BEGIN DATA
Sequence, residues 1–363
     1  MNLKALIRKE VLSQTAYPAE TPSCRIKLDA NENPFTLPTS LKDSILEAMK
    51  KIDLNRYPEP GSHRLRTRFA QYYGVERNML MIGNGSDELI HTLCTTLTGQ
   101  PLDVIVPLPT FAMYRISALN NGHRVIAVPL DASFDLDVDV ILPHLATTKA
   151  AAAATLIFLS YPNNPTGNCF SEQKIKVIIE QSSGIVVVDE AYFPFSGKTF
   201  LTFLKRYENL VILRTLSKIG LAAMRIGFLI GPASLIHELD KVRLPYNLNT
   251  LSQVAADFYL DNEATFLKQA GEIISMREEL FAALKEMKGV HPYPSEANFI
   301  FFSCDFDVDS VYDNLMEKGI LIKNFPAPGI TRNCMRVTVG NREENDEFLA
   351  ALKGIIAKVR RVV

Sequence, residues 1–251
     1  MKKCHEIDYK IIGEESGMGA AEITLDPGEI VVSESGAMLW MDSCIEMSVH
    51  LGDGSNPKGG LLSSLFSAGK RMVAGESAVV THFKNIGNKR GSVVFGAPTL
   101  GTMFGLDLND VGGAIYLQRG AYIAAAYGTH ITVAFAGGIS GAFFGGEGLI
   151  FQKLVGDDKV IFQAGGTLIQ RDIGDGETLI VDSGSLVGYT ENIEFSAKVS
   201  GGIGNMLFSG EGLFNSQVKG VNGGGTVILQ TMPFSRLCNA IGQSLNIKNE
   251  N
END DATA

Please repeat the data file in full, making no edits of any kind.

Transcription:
Sequence, residues 1–363
     1  MNLKALIRKE VLSQTAYPAE TPSCRIKLDA NENPFTLPTS LKDSILEAMK
    51  KIDLNRYPEP GSHRLRTRFA QYYGVERNML MIGNGSDELI HTLCTTLTGQ
   101  PLDVIVPLPT FAMYRISALN NGHRVIAVPL DASFDLDVDV ILPHLATTKA
   151  AAAATLIFLS YPNNPTGNCF SEQKIKVIIE QSSGIVVVDE AYFPFSGKTF
   201  LTFLKRYENL VILRTLSKIG LAAMRIGFLI GPASLIHELD KVRLPYNLNT
   251  LSQVAADFYL DNEATFLKQA GEIISMREEL FAALKEMKGV HPYPSEANFI
   301  FFSCDFDVDS VYDNLMEKGI LIKNFPAPGI TRNCMRVTVG NREENDEFLA
   351  ALKGIIAKVR RVV

Sequence, residues 1–251
     1  MKKCHEIDYK IIGEESGMGA AEITLDPGEI VVSESGAMLW MDSCIEMSVH
    51  LGDGSNPKGG LLSSLFSAGK RMVAGESAVV THFKNIGNKR GSVVFGAPTL
   101  GTMFGLDLND VGGAIYLQRG AYIAAAYGTH ITVAFAGGIS GAFFGGEGLI
   151  FQKLVGDDKV IFQAGGTLIQ RDIGDGETLI VDSGSLVGYT ENIEFSAKVS
   201  GGIGNMLFSG EGLFNSQVKG VNGGGTVILQ TMPFSRLCNA IGQSLNIKNE
   251  N